\begin{align} &R^0 = s,\ \alpha^0 = 0,\tag{initialization}\\\ &R^{n+1}\ =\ R^n\ -\ \beta (R^{n})_{k^*} D_{k^*}\\\ &\alpha^{n+1}\ =\ \alpha^n\ +\ \beta (R^{n})_{k^*} e_{k^*}\tag{reconstruction} \end{align}

where \(\beta\in (0,2)\), \(D_j\) is the \(j\)th column of \(D\), \((R^n)_{m}\) is the \(m\)th component of \(R^n\), \(e_j\) is the vector such that \((e_j)_k=\delta_{jk}\) (canonical basis vector), and with, at each step \(n\geq 0\), the selection (sensing) \[ k^{*} = {\rm argmax}_{k} |(R^n)_k|, \tag{sensing}\] i.e., the component of the \(n\)th residual with the highest amplitude.

In this framework, since \(D\) is positive definite and thus non-singular, it is proved in [5] that the vectors \(\alpha^n\) tend to the true answer \(\alpha_*=D^{-1}s\). The parameter \(\beta\) controls the importance of what you removed or add in the residual and in the approximation respectively. You can prove easily that the decreasing of the residual energy is maximum when \(\beta=1\). In other words, in the concepts introduced in [3], they designed a Matching Pursuit where they selected for the reconstruction dictionary the orthonormal basis \(D\) and for the sensing dictionary the identity (the canonical basis) of \(\mathbb{R}^N\). Amazing, No?

An interesting learning of the algorithm above is the presence of the factor \(\beta\). In the more general context of (modern) MP with non-orthonormal dictionary, such a factor could be useful to minimize the “decoherence” effect observed experimentally in the decomposition of a signal when this one is not exactly fitted by elements of the dictionary (e.g., in image processing, arbitrarily oriented edges to be described by horizontal and vertical atoms).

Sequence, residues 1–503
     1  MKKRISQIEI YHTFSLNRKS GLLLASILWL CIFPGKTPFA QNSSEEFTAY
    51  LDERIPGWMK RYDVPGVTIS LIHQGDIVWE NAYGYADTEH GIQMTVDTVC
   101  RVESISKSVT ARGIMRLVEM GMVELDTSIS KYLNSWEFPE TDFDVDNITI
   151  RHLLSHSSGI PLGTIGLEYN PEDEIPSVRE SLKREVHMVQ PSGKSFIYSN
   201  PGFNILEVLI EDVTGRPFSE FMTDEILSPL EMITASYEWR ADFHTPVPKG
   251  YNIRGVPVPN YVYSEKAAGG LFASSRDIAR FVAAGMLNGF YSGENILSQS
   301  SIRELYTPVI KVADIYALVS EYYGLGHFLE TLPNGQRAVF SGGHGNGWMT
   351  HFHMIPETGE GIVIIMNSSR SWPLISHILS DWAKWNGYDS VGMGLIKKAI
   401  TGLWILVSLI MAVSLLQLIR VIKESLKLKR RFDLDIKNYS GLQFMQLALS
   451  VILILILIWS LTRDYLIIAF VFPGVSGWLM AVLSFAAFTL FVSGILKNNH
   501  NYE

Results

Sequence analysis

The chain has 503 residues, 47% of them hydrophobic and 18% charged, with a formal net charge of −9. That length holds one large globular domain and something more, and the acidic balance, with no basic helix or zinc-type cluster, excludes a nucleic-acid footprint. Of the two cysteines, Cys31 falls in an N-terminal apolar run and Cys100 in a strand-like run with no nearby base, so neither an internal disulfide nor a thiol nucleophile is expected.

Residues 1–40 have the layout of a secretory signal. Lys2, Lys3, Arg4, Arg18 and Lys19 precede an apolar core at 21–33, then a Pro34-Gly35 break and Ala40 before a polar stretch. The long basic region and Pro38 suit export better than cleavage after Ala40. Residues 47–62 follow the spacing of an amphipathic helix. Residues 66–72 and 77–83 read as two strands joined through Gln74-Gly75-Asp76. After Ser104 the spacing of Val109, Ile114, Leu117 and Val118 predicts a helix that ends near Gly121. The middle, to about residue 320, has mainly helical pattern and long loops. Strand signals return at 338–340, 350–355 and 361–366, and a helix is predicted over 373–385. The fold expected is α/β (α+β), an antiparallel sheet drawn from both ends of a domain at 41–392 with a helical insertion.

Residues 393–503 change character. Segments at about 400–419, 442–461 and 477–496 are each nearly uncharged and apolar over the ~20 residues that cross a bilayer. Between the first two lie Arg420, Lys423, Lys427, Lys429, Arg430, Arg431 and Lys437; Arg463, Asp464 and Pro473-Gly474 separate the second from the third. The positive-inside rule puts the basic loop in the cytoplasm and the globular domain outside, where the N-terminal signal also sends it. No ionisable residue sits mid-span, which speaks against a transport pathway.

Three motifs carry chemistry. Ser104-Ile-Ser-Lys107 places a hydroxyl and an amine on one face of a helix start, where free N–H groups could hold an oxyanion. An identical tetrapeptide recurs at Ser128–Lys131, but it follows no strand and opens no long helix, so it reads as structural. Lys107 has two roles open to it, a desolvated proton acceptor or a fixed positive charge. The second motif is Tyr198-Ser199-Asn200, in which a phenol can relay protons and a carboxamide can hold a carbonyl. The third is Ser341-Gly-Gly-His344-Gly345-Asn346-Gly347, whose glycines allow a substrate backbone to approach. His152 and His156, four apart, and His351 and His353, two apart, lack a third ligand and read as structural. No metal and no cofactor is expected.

G. Temple in [5] also extended the method to infinite dimensional Hilbert spaces for a different updating step of \(\alpha^n\). This is nothing else but the foundation of the (continuous) MP studied by authors like R. DeVore and Temlyakov some years ago (on that topic you can read also [6], a paper I wrote with C. De Vleeschouwer for a geometric description of this continuous formalism).

By googling a bit on “matching pursuit” and Southwell, I found this presentation of Peter Buhlmann who makes a more general connection between Southwell’s work, Matching Pursuit, and greedy algorithms (around slide 15) in the context of “Iterated Regularization for High-Dimensional Data”. In conclusion, who is this person who explained that we do nothing but always reinventing the wheel ? ;-)

If you want to complete this kind of “archeology of Matching Pursuit” please feel free to add some comments below (or to drop me an email). I’ll be happy to read them and improve my general knowledge of the topic.



Image credit: EDSAC was one of the first computers to implement the stored program (von Neumann) architecture. Source Wikipedia.

Laurent Jacques
Laurent Jacques
FNRS Senior Research Associate and Professor